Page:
Again, I want to keep on sharing what what we're doing, because I believe in experience sharing. And if you can take one strategy that I'm implementing, and it helps you, then it was worth me sharing. So I mentioned on Saturday mornings, I like to come downstairs wake up early. And that's when I am reviewing all my information. And so they know that this is a space where they can come in and talk about anything that they're worried about. So creating a space where your kids know that it's an open environment for them to talk to you, and that you're not doing something else, you're not stressed out about cleaning the house or answering emails that you're sitting there and you're present, and that this is the time that you're working on this activity. And so they can engage with you in that conversation, they can engage and be part of it. Next up, we want to determine how we are going to reward our kids. This is a big piece of building our money mindset and entrepreneurship tolerance. So how can we help them learn how to earn money, and then help them learn how to save and spend it, we've all heard about receiving a weekly allowance, but the weekly allowance actually teaches them to get a paycheck. If you want your kids to have the safe, secure option of of getting a job, maybe you have not had a great run in entrepreneurship, and you're really hoping they don't follow your footsteps, then this would be a great opportunity to give them a weekly allowance, right? Help them understand that they have, you know, three or four tasks. And every time they complete their three or four tasks, they get a weekly allowance. And that might not even be tied to their tasks, right? Maybe they don't actually complete it. And they get their allowance anyway, right? Because you might have done a bad job or your job this week, but you still got a paycheck. So teaching them what they need to do in order to get paid. You could also pay them by project, pay them by the effort expended. Right? So how hard did they work on a on that specific project. So for us around here, my kids have never received a weekly allowance. They've always got but got paid by completing projects. And the harder they worked, the more that they got paid. So if they just did the project and did the bare minimum, then I had a minimum amount of payment. And if they did a really great job and went above and beyond, then I would pay them over the project. The agreed upon project amount. So what I was trying to teach them here is that we don't have to trade time for money. We do not have to trade our time for money. And this is going to help them understand in the bigger realm of the world, that they don't have to trade their time for money. I'm gonna keep on using my daughter as an experience because she's 17. And we're in it right she is building her money mindset. And she has two positions that she works within. She is a lifeguard where she is trading your time for money and she gets an hourly wage. And she is also going to school for cosmetology. And so when she does somebody's hair, she is paid by the project, it could take her 10 minutes for that haircut or 45 minutes for that haircut, it doesn't matter. She gets paid for the project. And if she does a great job, she gets a tip. And so when we had this conversation over the weekend, she was telling me how much she enjoys doing hair because the upside is bigger, right? That she's gonna go down in the basement, she's gonna cut somebody's hair and she was gonna make $25 from it. And so she understood that at work right at her lifeguard position that was gonna take her two to three hours in order to make the same amount of money. So teaching kids how they can trade time for money or by doing a really great job and working through the project that there is a bigger upside so going back up to that risk and reward. All right, one last lesson for us to build strong money mindsets and our children is to help our kids set goals. This includes both savings goals for the long term future, as well as savings goals for spending. So showing our kids that it's not just about I want to make $100,000 Next year, or I want to have a million dollars, but what are the actions and the milestones that are actually required in order for you to achieve those goals? Right? If we want to be able to be a millionaire, if we want to have a million dollars, then what are all the small action steps and milestones along the way that we can set and then celebrate in order to be able to hit that goal? I asked Gianna, I read this, this entire script with her, this entire outline with her over the weekend. And I asked her, when she thought about a big saving goal and spending, what were some of the things that she learned. And so I want to share some of these with you. She got a job at 14, and she learned that she could not just mindlessly spend money. And her big thing was to not eat out. She found that it was really easy to justify spending money on food, right, because she needed to eat and there was a nutritious meal at home, but it was maybe not what she wanted to eat that day. And so it was really easy for her to go and spend money on eating out. And the other thing that she learned was to have multiple sources of income. So she actually had an employer that it wasn't going well with. And she was able to leave that position because she had more than one source of income. Now she saved up for her car, when she turned 16, we had an agreement that we would both contribute to purchasing her vehicle. And so she had to save over time on how to purchase the car. But what was interesting when I talked to her about this, what she actually learned was that there were more expenses that come with the car after the big purchase. Right? It wasn't just about saving money for the initial purchase, her boyfriend added to this story with don't buy anything unless you can buy it two times. So I guess that was some wisdom from his grandfather. So thinking about down the road, when we are saving for an investment, thinking about what comes next. And again, this isn't our business and our personal lives. Think about the employee that you're hiring. It's not the initial project that they're doing. But it's being able to pay them month after month, regardless of what happens in your business. But these are some of the beautiful conversations that we can have with our kids by sharing our experiences around setting goals. And saving for setting goals and spending that money sharing with our kids is opening up the conversation to share experiences back and forth. So I want to give a few other lessons that were learned from this conversation with Chase and Gianna. Both of them had agreed that we need to be putting money into our savings account before you spend it. So both of them have a strategy that on pay day, they are transferring money to their savings account. But what I heard an interesting comment in this conversation was that they needed to get comfortable using technology, which is an interesting comment coming from teenagers, we think that they're the experts. I know that my nephew, it's six knows his way around that pad like not nobody's business, but learning how to use chase.com or Huntington, right, like our bank platforms, how learning how to navigate those sites and getting comfortable looking at your balance, looking getting comfortable with transferring money from one bank to another bank or transferring money from your checking account to your savings account. We have to help our kids get comfortable with using technology. Now. I think some of us need to get comfortable with this as well. Right? So creating the atmosphere in which we know that when we make money we need to save, we need to save for taxes, we need to save for our long term investments. And we need to have a cushion right. We need to create a cushion. My daughter has set an amount in her head that she can't go under and her checking account so she can spend up to a certain spot and even though it's not zero, that's her zero. So like the $1,000 equals zero and anything over the $1,000 is what she can spend. Alright, next lesson learned money does in fact come and go she just recently went to go prom dress shopping. And she had two dresses, one was a few $100 and one was $900. And it was a lesson in learning the dollar value of money right? So when you want a $1,000 prom dress, maybe don't buy it. She said it is a liability, not an asset. So teaching our kids that Yes, money does come and go right. We might have a lot today and we might have nothing tomorrow. Or we might have nothing today and one day We're gonna have money, but we can make responsible decisions. We don't have to make emotional decisions in that moment, right? She called me from the store, we talked through the purchase. So if we can teach our kids how to walk through the emotion before making those purchases, Alright, next I thought this was another interesting comment that she made that she already feels behind by not investing in an IRA, the minute she got a job, which is an interesting comment, because she had worked for the government, which means that she had a retirement account, I think that there is some mindset that that we can all dive into, about the guilt, right, the the guilt of decisions that we did or did not make. Alright, so. So this is a an important lesson to me on being thoughtful about the decision that we're going to make today. Whether that be spending money on experiences, spending money on food, spending money on investing in our businesses, or making an investment into our future, what is the mindset that is driving those decisions to help us make the right decision? And that might be the right decision today, right? So today, we might be really focused on building a life and having experiences for our families. And so today, you might be spending a lot of money on vacations or for small experiences, like concerts are a big one for me, if you are just going to the zoo or the Children's Museum or the arcade. And that is a worthwhile experience for you. Right? That's, that is spending that is intentional. It's not letting the money fall out of the bank. But it's intentional spending, not emotional, but balancing that with our long term investments, making sure that we understand our mindset, and are finding the balance between long term spending, and then saving for life. I thought this was an interesting comment from Chase. I said, What do you wish your parents would have taught you about money? And he said, literally anything. And I thought that was a really, really impactful, important parting comment. Our kids want us to talk about this. They want us to talk about it. They are depending on us to teach them what we know. We have to pass down the wisdom that we have, so that they can learn from us, learn from our experiences, what went right and what went wrong. He wished they would have said literally anything. I'm going to leave us with one last comment from Gianna's best friend. I said again, same question, what do you wish your parents would have told you about money? And she said, having a budget, right, learning how to save, learning how to invest and how to have a budget, she got her first job and was spending money as fast as she could make it? And so how do you save? What do you save? When do you save it? And then finding that balance? Money can run your whole life if you let it so we can't let ourselves be right. We can't We can't we have to model good behavior work so hard that we are not finding a balance between experiences, our personal life and our business, and model that behavior for our kids so that they can learn to find balance in their lives between experiences, lifelong saving and spending and deciding what they want to do with how with their money mindset.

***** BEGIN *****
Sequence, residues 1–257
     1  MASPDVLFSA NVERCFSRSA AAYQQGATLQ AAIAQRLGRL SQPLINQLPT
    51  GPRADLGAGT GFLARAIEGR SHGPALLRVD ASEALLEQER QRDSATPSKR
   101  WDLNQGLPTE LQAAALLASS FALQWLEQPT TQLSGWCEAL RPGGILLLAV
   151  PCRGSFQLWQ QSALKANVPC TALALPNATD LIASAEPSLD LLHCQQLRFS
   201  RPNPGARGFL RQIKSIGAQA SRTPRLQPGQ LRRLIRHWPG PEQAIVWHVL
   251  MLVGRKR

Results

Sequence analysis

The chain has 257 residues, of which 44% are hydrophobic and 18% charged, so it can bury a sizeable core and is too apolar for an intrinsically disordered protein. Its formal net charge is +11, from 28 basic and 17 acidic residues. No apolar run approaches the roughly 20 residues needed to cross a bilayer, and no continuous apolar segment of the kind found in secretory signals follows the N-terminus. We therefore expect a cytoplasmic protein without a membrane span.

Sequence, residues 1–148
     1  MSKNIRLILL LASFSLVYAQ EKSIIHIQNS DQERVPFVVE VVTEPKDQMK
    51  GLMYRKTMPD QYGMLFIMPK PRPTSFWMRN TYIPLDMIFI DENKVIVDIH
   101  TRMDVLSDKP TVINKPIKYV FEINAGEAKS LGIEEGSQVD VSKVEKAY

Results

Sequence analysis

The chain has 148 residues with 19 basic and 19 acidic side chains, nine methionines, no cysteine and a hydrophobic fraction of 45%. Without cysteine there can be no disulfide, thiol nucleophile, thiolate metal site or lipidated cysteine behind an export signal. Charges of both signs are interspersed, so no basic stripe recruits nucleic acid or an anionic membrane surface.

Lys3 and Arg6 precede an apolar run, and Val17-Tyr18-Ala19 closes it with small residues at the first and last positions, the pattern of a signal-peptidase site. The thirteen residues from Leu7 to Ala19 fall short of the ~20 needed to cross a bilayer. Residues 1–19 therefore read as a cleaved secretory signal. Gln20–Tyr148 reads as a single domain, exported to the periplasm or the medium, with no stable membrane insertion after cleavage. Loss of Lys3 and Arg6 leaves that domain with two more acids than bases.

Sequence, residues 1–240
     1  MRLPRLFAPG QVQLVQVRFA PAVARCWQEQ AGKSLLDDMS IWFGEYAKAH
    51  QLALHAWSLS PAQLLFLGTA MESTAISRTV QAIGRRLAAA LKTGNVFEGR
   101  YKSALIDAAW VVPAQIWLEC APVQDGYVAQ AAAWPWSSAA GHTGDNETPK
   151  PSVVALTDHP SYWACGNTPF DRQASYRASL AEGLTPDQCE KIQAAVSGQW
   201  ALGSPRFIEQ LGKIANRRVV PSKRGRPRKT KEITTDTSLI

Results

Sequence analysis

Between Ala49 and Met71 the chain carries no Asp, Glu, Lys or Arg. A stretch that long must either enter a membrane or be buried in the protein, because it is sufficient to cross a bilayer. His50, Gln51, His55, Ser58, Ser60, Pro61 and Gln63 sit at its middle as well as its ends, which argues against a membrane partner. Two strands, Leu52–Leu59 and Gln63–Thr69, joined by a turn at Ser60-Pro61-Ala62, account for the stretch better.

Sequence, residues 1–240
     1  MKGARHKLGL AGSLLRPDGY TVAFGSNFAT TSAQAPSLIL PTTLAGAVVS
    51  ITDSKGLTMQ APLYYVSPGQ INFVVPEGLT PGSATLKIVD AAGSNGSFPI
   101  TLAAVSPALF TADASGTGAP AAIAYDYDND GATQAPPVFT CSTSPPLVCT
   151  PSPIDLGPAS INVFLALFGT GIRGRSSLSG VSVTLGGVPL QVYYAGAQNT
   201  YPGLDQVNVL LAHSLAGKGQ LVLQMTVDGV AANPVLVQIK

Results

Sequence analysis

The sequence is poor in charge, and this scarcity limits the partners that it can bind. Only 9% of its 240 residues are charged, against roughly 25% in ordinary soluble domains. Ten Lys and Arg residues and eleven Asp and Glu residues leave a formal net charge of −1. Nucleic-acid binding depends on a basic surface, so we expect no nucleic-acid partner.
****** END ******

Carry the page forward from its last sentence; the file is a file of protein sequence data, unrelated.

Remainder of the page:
How do they want to handle their money mindset? All right, this was a really deep episode. I'm thankful for you guys to go on this journey with me through reflecting on what we're doing in our household around money mindset cameras, and my 13 year old didn't want to participate. So there might be a follow up episode in the next few years on his experiences with money mindset, but I think my daughter and her friends did a really great job in helping us all learn from them because kids can help us. Remember our curiosity. Help us remember what we don't know. Make sure that we are helping our kids understand, share experiences and open the door for conversation. I hope you enjoyed today's episode. Please don't forget to like and subscribe. I don't want you to miss any of the upcoming episodes. We just recently put together our annual marketing plan for the year. We've got some really amazing guests and content coming up for you in the future. So make sure you like to subscribe and share this episode with one other business owner that you know needs to hear this information. I'll give you one last challenge. Maybe you share this episode with your kids. and ask them what they wish you knew would have told them about money and if your kids are still young you have an opportunity to make changes and model good behavior alright until next time
Transcribed by https://otter.ai